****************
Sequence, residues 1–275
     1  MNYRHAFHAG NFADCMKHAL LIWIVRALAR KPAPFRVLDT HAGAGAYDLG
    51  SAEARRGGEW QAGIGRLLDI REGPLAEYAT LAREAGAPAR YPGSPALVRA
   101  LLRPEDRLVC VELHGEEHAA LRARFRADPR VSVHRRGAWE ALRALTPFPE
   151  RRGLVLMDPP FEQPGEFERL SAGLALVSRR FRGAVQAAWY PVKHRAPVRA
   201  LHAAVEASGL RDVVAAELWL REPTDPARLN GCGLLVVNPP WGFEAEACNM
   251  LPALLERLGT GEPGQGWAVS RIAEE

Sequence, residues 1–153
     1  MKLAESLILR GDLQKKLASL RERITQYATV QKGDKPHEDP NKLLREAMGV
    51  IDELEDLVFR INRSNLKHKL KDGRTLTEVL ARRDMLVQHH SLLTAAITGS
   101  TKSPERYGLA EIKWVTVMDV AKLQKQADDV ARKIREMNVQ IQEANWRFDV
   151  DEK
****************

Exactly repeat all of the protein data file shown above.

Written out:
Sequence, residues 1–275
     1  MNYRHAFHAG NFADCMKHAL LIWIVRALAR KPAPFRVLDT HAGAGAYDLG
    51  SAEARRGGEW QAGIGRLLDI REGPLAEYAT LAREAGAPAR YPGSPALVRA
   101  LLRPEDRLVC VELHGEEHAA LRARFRADPR VSVHRRGAWE ALRALTPFPE
   151  RRGLVLMDPP FEQPGEFERL SAGLALVSRR FRGAVQAAWY PVKHRAPVRA
   201  LHAAVEASGL RDVVAAELWL REPTDPARLN GCGLLVVNPP WGFEAEACNM
   251  LPALLERLGT GEPGQGWAVS RIAEE

Sequence, residues 1–153
     1  MKLAESLILR GDLQKKLASL RERITQYATV QKGDKPHEDP NKLLREAMGV
    51  IDELEDLVFR INRSNLKHKL KDGRTLTEVL ARRDMLVQHH SLLTAAITGS
   101  TKSPERYGLA EIKWVTVMDV AKLQKQADDV ARKIREMNVQ IQEANWRFDV
   151  DEK